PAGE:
Swine Flu Goes Nuclear

by Jena McNeill

Mention “nuclear radiation” at your next cocktail party, and the room will likely fall silent. Americans fear few things more than the idea of radioactive fallout landing on U.S. soil. Small wonder then that from California to Oregon, potassium iodide is selling out.

But the fearful response is not always the most appropriate. And facts, not fears, should determine how we respond to the nuclear crisis in Japan.

Perhaps the most important fact for those of us stateside: It is extremely unlikely that the radiation released into the atmosphere from Japan will have any biological effect on U.S. populations. Radiation levels in Tokyo, though higher than normal, are currently still below the threshold which poses danger to human health. And Tokyo is only 150 miles from the damaged nuclear plants. More than 5,000 miles separate the U.S. and Japan. Radiation that blows eastward would likely break down in the middle of the Pacific Ocean. 

What if such radiation reaches U.S. shores? First, we should determine the degree of the problem. The danger of low-dose exposure is incredibly small, and the technologies to detect radiation are incredibly advanced. Moreover, potential health risks can be mitigated by factors such as general health, duration of exposure, genetic traits, and medical treatment.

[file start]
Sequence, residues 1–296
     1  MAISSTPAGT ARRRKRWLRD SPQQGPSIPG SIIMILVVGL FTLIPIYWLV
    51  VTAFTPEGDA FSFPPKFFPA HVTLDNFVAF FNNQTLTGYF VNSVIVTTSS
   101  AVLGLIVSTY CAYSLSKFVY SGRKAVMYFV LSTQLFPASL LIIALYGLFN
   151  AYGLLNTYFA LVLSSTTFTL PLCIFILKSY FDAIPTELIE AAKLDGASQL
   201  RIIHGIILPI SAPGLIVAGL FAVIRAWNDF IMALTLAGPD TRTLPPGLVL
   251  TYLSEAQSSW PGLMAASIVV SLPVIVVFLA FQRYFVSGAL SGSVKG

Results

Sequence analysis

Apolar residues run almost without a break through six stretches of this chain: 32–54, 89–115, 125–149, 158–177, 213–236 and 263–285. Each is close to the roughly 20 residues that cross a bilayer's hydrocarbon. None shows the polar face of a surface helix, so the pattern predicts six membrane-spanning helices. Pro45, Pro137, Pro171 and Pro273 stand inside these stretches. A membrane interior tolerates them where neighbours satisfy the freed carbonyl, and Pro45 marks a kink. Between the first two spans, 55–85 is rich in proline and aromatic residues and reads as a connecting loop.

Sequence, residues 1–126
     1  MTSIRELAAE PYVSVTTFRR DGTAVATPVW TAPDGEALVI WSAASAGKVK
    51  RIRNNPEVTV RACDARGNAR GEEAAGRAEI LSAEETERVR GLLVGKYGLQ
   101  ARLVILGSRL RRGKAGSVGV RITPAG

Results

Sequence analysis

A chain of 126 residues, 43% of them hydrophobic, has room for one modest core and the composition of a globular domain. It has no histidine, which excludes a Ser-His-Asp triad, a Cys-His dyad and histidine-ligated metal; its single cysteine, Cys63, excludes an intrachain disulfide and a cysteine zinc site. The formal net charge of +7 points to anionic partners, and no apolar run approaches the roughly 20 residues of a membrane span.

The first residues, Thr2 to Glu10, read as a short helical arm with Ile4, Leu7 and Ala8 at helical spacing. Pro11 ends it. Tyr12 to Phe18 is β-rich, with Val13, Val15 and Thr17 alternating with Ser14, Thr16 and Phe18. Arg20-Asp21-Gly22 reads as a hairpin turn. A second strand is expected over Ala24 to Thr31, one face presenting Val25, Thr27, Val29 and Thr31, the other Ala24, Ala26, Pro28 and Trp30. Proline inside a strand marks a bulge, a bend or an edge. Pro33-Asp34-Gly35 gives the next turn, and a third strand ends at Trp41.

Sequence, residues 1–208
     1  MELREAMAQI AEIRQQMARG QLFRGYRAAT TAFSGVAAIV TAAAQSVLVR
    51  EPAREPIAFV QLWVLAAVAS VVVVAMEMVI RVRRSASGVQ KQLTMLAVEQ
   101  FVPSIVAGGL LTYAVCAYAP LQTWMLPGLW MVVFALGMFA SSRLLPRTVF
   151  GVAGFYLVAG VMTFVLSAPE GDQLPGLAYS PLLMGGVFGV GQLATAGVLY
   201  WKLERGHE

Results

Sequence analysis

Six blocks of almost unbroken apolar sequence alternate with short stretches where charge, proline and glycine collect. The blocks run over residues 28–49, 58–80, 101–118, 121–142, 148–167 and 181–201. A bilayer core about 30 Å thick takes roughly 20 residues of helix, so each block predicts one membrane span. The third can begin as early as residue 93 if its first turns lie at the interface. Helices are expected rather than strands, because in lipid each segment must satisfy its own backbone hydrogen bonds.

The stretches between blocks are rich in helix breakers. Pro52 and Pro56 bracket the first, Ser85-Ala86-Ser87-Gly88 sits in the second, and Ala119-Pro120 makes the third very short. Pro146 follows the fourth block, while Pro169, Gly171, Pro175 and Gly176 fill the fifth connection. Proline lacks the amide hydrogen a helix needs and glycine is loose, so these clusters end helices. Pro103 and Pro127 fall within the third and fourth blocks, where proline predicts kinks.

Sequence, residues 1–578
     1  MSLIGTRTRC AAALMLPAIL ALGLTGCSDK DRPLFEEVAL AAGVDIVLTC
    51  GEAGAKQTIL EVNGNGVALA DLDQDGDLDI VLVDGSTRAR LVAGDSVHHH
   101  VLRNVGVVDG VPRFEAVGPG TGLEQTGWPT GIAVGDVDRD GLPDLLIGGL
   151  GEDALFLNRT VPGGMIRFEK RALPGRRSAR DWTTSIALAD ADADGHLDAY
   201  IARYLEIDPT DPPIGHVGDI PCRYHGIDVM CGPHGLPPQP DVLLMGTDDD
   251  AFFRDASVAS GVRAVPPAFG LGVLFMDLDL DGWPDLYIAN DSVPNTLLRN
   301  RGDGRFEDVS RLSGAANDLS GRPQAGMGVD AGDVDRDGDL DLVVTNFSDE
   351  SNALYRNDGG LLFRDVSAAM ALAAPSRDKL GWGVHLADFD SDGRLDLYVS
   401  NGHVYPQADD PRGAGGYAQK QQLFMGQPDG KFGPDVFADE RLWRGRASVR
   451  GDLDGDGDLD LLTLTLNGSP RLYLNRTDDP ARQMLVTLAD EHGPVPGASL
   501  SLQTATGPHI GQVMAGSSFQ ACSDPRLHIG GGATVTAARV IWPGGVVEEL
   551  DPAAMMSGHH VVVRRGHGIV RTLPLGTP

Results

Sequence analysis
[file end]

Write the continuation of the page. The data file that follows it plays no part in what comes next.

We must also recognize non-radiation risks. Potassium iodide itself can produce harmful side effects in some people, especially those with certain medical problems like thyroid issues and chronic diseases. It’s not prudent to take it unnecessarily.

People are naturally concerned about the health and safety of their families. They should keep current on the situation, listen to the communications from government officials, and remain calm. Meanwhile, government officials must provide factual, up-to-date information and be open and honest about risks.

What leaders should avoid is the type of baseless, over-reactive measures invoked during the last public-health scare in the U.S.: the swine flu. Eager to be seen as caring, concerned, and “doing something,” public officials aired ridiculous ideas (e.g., stop eating pork to avoid the flu) and lawmakers offered ludicrous proposals (e.g., seal the borders to keep “carriers” out). Officials may be tempted to play to public fears of radiation in a similarly unhelpful and disruptive fashion. They shouldn’t.

Media reports over the next few days and weeks will contain a lot of “maybes.” Americans must pay attention, but they should also weigh these reports critically. Sift through the “maybes” to get at the facts — which are almost always far less alarming. When faced with a potential threat — even one involving radiation — calm and common sense are invaluable.

Jena Baker McNeill is senior policy analyst in homeland security for the Heritage Foundation.

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